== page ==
The Finance Ghost: The lowdown on Famous Brands, Karooooo, MiX Telematics and PSG
When it comes to choosing restaurants, my preference for Spur over Famous Brands is rooted in a combination of personal experience, on-the-ground observations, and a hint of scepticism towards the latter company’s performance and capital allocation track record.
The Wimpy at the shopping centre near my house is quite the local hangout, if you’re over 75 and taking advantage of its pensioner menu. The Mugg & Bean isn’t even trying to fight the good blackouts fight — it closes its doors when the lights go out. In stark contrast, regardless of the blackout stage, the local Spur is always open and buzzing.
Perhaps the key difference here is that Spur’s restaurants offer a venue rather than just a food solution. They sit between pure takeaway joints (like most Steers outlets) and traditional restaurants, so Spur (and its other brands like RocoMamas and Panarottis) manages to catch South Africans trading down from other restaurants in search of value. Famous Brands doesn’t get enough of that trend.
Are we seeing another Shoprite vs Pick n Pay situation playing out in this market? With Famous Brands expecting headline earnings per share (Heps) to be between 3% higher and 17% lower for the six months ended August, it could well be the case.
Those three familiar horsemen of our economic apocalypse — load shedding, cost pressures and the overall economic environment — are getting the blame for the profitability of the group. But, in my view, it’s easy to blame bad economics for poor strategic execution.
Karooooo decides to focus
Does it make sense to build a global holding company, list offshore and then allocate capital to building a scrappy car retail business in SA? Of course it doesn’t. That didn’t stop Karooooo from trying, though.
Thankfully, the odd foray into building Carzuka is coming to an end. Karooooo has remembered that it is an asset-light platform business with a promise of recurring revenue, which is obviously an infinitely more attractive model than being yet another car dealership.
The second-quarter results show that the core business is doing well, with Cartrack subscribers up by 15% and total revenue up by 17% in constant currency (or 21% in rands). It also looks good that cash generated from operations grew by 26%.
The cash story hasn’t always followed the revenue story, as Cartrack funds the tracking devices upfront and then recoups that value over the life of the contract.
Good riddance to the distraction that was Carzuka.
MiX Telematics attracts a suitor
MiX Telematics is a fleet management company that competes with the likes of Karooooo, and it has attracted an international buyer in the form of Powerfleet.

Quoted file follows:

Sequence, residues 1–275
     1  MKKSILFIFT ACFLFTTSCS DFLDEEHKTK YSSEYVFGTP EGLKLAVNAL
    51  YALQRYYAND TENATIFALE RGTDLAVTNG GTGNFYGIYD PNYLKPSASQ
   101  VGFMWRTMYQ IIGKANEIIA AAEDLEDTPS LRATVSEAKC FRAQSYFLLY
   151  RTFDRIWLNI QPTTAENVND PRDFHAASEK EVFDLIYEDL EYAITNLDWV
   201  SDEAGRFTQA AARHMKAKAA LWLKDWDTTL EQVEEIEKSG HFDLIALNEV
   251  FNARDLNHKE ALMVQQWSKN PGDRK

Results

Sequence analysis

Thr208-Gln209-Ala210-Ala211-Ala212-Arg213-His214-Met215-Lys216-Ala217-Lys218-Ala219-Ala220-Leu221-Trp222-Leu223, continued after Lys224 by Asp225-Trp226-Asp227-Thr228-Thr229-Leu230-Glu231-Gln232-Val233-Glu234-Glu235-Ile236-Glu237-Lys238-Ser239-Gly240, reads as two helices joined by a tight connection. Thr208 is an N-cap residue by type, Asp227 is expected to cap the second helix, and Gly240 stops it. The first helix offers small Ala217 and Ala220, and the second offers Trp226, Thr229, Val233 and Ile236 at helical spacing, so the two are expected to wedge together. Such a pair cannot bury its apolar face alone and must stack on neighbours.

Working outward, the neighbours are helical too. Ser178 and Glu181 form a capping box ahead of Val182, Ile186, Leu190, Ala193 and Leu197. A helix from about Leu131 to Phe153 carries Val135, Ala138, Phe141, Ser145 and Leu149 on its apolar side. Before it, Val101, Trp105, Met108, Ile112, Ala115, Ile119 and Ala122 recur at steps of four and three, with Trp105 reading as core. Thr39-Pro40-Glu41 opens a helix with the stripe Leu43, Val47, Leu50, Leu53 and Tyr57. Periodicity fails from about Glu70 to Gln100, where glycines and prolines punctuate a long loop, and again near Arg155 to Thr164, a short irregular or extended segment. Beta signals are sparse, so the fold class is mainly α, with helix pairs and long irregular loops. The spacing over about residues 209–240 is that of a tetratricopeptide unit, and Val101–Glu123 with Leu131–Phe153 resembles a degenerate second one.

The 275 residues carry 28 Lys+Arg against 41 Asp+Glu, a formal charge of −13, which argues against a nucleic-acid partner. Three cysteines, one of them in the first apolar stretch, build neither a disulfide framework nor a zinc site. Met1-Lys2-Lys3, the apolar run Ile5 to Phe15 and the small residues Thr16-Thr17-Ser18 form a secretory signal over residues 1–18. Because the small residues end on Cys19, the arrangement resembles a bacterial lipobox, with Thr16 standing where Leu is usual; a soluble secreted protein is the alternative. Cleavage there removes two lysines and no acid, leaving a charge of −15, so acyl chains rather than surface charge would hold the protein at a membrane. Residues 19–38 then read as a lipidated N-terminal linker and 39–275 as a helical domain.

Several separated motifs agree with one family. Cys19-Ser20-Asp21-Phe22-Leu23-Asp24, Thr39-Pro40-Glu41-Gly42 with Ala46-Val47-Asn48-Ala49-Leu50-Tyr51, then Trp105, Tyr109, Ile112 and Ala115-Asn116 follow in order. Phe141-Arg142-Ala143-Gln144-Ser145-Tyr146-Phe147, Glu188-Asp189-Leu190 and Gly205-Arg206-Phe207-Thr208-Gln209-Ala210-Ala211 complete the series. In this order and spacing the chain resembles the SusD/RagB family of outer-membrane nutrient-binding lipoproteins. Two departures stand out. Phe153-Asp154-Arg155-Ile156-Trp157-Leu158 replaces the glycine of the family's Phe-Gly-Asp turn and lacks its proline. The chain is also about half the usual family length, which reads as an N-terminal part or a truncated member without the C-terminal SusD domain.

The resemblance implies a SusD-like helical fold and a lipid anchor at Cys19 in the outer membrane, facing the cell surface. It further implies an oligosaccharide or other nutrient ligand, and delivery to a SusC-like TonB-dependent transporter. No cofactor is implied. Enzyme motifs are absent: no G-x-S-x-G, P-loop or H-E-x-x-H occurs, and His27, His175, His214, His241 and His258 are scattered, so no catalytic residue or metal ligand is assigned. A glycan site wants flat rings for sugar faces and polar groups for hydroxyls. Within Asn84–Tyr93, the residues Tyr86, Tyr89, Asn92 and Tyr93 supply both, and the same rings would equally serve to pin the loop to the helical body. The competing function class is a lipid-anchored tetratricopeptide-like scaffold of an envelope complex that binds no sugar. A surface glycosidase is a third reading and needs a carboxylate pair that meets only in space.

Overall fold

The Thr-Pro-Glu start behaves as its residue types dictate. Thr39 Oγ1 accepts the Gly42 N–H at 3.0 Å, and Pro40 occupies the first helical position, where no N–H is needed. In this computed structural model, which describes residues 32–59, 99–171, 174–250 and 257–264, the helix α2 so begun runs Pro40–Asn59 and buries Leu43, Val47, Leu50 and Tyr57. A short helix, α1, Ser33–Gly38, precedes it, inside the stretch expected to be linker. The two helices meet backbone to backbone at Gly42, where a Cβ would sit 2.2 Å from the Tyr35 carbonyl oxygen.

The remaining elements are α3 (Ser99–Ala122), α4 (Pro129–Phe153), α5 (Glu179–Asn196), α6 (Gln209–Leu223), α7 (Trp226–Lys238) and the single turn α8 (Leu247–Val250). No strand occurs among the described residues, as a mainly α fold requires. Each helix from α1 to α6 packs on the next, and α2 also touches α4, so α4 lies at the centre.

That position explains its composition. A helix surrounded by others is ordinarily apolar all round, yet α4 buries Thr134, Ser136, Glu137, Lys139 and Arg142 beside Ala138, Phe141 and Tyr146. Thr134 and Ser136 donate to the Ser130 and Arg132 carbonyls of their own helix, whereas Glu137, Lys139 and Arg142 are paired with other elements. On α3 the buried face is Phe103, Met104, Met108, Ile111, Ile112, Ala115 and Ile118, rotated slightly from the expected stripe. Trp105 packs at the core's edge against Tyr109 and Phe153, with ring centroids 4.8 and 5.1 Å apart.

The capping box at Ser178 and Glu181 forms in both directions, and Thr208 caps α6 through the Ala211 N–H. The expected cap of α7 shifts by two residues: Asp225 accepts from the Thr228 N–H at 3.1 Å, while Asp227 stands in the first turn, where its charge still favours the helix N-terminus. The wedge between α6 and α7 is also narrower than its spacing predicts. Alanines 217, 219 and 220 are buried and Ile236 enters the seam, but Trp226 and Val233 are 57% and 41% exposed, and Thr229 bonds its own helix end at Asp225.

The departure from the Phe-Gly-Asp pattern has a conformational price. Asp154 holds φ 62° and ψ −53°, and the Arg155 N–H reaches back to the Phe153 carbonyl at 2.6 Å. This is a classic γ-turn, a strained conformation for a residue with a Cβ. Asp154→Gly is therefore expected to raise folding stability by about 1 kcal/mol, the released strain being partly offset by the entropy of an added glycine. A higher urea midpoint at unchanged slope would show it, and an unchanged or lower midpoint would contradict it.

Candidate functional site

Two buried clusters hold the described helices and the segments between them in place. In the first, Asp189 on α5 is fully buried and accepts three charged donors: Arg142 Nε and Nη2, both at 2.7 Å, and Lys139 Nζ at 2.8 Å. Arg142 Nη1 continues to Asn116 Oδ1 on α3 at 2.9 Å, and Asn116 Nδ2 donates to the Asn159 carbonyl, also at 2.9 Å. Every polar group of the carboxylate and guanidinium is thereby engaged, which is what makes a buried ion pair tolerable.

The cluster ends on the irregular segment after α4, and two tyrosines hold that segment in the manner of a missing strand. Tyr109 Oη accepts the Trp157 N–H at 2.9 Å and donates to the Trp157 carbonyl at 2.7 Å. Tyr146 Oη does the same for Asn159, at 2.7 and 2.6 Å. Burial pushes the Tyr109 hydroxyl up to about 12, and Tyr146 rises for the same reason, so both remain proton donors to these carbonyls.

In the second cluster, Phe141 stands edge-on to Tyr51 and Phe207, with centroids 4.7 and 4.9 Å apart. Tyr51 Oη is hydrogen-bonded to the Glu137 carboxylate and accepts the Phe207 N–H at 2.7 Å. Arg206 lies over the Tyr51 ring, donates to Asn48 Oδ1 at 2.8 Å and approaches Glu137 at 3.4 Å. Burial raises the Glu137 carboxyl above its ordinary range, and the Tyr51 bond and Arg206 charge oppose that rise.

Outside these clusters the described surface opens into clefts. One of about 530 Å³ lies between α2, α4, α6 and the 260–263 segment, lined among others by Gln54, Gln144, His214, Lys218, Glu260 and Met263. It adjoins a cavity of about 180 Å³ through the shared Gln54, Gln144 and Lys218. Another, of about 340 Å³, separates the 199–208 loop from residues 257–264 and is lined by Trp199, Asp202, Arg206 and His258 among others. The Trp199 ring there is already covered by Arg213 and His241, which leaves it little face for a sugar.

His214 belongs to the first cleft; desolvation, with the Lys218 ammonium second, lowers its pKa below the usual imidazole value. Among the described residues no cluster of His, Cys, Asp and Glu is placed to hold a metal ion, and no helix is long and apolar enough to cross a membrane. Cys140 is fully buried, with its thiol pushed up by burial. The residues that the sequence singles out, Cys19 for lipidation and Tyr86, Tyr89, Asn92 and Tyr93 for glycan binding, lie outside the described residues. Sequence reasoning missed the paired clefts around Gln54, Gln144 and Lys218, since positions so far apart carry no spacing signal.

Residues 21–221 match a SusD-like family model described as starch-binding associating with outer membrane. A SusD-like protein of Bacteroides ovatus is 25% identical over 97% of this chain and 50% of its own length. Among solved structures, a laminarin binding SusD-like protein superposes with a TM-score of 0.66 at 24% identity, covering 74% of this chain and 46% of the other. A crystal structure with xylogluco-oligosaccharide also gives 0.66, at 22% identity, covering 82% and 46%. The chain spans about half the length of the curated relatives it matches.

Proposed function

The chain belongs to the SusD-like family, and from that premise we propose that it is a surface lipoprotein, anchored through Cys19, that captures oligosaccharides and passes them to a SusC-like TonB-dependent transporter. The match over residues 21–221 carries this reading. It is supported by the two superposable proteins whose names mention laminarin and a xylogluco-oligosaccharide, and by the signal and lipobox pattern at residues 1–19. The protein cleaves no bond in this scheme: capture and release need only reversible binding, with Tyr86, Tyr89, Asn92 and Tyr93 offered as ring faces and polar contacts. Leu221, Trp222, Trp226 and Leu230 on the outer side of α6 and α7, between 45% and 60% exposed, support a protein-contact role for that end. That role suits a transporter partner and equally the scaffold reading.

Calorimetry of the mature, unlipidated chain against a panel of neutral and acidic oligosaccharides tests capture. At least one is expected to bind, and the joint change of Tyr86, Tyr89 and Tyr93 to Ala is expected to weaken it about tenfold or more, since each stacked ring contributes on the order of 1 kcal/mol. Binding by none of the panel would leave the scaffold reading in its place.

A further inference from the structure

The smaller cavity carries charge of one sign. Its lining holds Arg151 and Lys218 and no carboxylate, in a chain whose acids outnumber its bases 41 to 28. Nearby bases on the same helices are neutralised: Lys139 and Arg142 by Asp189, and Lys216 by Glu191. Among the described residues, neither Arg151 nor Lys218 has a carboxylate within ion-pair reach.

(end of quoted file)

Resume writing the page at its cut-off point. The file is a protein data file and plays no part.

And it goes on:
News of an acquisition is met by a collective groan these days, like a father making peace with his daughter’s engagement — he wants her to be happy, but at the same time he isn’t quite ready for her to leave the house.
In this case, the erstwhile bachelor is moving in with her parents, as Powerfleet is structuring this as a merger and the enlarged company will be listed on the JSE.
If the deal goes ahead, this will give investors an opportunity to invest in an “Internet of Things” company that is also listed on the Nasdaq and the Tel Aviv Stock Exchange. Before you get too excited, MiX is already an Internet of Things company. Be careful of these global buzzwords and how they persuade you to overpay for companies.
Only when the circular and prospectus come out will we be able to dig into the merger properly.
PSG Financial Services and the power of distribution
There’s a significant difference between a traditional asset management house like Coronation and the likes of PSG Financial Services locally, or Quilter in the UK.
The latter businesses are highly focused on distribution, which simply means they have a sales force out there punting the products. If I consider the results of the past few years, this seems to be the better model.
PSG Financial Services (formerly PSG Konsult) reported first-half results with a 22.5% return on equity and 21% growth in recurring Heps. The dividend per share increased by 23%.
Despite how tricky the economy is, there are still companies on the local market that are growing solidly. You just have to dig to find them. DM
After years in investment banking by The Finance Ghost, his mother’s dire predictions came true: he became a ghost.
This story first appeared in our weekly Daily Maverick 168 newspaper, which is available countrywide for R29.